With the Senate in Democratic hands, President George W. Bush is showing grace and openness that offer the country real possibilities. He is on the right track.
Having achieved power, Senate Democrats have to use it well. They must respond in kind to the president.
The president spent the first day of Democratic control reaching out to a variety of senators, including John McCain, Ted Kennedy and Jim Jeffords, whose party switch set off the political reversal. The president was long on charm and, at least in public, short on specifics. That is entirely appropriate as he and the Senate search for new accommodations.
The Senate’s change of control offers the president a chance for a new beginning. He started his presidency in ways that sometimes flew in the face of his promises of bipartisanship. Now he has a chance to re-direct himself where his heart seemed to be during the campaign and where most voters are: the center.
The president has received the kind of wake-up call — and opportunity — that Bill Clinton didn’t get until the 1994 congressional elections. Less than five months into his term, President Bush has a chance to re-boot his administration and have it run more smoothly.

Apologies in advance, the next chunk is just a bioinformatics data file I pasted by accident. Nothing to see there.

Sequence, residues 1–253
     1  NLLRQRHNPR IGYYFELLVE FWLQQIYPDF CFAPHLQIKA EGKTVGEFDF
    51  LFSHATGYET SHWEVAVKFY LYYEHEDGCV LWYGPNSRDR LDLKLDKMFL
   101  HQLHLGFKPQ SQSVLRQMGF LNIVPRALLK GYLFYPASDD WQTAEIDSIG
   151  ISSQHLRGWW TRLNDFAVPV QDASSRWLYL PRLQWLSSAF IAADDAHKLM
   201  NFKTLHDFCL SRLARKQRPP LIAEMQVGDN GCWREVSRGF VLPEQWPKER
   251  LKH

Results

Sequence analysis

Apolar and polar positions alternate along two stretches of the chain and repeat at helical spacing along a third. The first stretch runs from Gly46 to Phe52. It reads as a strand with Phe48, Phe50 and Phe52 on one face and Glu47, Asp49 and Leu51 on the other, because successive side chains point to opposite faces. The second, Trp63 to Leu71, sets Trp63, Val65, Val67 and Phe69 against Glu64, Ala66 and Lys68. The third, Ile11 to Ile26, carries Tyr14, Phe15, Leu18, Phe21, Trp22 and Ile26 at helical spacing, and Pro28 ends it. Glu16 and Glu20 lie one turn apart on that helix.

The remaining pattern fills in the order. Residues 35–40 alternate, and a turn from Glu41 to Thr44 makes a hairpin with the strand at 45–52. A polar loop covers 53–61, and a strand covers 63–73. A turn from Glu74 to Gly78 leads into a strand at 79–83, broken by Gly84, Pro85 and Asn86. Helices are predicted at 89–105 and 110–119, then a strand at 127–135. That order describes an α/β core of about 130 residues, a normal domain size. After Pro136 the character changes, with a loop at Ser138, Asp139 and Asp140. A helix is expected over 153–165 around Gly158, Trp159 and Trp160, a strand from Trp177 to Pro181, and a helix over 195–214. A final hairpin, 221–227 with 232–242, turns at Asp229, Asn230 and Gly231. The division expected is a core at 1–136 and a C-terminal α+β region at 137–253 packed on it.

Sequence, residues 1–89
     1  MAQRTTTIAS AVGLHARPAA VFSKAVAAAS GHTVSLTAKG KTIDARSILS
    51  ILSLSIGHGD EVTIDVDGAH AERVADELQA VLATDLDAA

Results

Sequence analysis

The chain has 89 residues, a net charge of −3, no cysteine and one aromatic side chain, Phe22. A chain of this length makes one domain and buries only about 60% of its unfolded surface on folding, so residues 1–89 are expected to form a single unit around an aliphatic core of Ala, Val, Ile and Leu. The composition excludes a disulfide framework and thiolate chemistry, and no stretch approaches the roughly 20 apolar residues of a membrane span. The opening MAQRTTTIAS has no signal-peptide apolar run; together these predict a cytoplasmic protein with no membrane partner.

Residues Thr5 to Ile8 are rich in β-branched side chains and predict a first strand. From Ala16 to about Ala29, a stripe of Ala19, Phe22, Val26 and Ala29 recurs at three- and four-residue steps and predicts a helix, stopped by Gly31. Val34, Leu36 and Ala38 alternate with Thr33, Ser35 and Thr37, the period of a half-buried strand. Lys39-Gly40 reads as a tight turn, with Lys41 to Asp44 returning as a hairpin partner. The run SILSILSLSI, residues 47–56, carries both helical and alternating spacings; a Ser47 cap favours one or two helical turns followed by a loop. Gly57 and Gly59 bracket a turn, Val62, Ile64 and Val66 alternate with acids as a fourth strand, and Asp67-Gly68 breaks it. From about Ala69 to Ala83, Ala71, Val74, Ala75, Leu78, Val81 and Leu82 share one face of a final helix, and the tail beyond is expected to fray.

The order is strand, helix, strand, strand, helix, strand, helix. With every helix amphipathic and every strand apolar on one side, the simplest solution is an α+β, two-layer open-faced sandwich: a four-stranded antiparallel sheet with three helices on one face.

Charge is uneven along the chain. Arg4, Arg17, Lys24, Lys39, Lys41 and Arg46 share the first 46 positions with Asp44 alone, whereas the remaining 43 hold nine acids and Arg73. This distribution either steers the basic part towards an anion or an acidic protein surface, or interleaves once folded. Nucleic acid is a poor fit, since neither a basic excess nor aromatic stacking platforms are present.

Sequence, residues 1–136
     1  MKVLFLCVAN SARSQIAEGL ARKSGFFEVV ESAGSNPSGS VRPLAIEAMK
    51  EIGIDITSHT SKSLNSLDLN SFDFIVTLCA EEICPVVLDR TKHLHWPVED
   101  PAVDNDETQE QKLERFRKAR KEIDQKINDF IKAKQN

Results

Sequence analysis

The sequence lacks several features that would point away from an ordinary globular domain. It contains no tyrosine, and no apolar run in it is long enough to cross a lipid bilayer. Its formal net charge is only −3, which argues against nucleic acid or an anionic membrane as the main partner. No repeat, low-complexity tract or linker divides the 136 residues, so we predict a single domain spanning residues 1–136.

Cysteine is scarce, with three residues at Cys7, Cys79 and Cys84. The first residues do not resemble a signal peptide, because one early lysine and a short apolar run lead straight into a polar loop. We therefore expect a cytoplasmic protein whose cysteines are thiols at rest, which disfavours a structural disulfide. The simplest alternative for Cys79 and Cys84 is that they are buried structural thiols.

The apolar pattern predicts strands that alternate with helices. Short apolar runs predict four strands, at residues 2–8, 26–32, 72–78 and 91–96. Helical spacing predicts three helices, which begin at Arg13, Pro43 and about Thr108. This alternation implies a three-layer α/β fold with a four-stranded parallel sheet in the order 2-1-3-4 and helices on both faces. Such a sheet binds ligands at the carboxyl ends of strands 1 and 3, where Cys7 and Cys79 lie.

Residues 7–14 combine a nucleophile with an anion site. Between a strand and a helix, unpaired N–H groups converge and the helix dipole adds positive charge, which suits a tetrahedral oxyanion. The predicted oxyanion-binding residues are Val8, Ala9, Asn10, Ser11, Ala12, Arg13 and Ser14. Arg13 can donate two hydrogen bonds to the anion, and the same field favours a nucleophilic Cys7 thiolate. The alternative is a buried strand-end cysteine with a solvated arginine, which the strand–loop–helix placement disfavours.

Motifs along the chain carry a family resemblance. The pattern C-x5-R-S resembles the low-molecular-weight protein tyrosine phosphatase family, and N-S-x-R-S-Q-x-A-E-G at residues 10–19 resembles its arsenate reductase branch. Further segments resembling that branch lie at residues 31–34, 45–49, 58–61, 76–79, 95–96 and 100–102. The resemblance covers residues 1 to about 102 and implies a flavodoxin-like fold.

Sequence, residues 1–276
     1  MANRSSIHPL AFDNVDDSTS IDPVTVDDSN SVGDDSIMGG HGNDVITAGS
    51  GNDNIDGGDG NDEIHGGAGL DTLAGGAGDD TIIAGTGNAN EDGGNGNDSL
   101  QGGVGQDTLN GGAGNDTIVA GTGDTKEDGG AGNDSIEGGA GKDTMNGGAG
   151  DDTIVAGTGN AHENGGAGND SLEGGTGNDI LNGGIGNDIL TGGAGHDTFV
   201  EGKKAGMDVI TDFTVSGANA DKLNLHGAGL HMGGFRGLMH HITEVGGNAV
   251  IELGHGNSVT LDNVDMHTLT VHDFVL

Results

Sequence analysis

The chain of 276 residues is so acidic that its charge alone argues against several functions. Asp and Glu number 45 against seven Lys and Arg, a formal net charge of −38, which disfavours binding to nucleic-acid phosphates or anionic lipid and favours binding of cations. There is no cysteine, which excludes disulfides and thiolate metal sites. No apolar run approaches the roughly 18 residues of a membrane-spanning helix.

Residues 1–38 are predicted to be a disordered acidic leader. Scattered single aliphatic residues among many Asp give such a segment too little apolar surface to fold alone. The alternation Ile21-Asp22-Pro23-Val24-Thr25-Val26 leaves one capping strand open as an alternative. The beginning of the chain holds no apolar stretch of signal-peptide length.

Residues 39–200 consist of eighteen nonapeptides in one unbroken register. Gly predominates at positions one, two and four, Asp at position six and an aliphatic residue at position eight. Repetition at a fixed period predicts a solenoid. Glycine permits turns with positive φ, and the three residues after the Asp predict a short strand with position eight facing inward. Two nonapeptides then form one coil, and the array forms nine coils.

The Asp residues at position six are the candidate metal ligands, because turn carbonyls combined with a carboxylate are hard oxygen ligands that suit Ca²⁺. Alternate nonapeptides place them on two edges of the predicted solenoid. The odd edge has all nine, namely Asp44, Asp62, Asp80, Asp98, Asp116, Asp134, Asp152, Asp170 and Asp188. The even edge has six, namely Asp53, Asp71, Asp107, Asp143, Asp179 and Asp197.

He can’t achieve moderate results, however, without cooperation in Congress. For Democrats, control of the Senate comes with a huge burden of responsibility to work with the president. Sen. Tom Daschle, the new majority leader, is talking encouragingly about cooperation. As the New York Times reports, however, Democratic aides are busily making plans behind the scenes to obstruct the president’s proposals on everything from energy to judicial nominations.
Daschle and other top Democrats, including Washington’s Sen. Patty Murray, would do well to halt such offensive scheming cold in its tracks. They should take a lesson from how quickly the president paid a price for failing to halt his aides’ narrow partisanship.
The president promised all of us that he would change the tone in D.C. He can’t do it alone, but he seems very willing to reach out. The Senate’s Democrats now have the control they sought. They can waste their energies on partisanship and placating narrow constituencies. Or they can work with the president to improve the country. It’s a new day with a genuine chance for a new tone.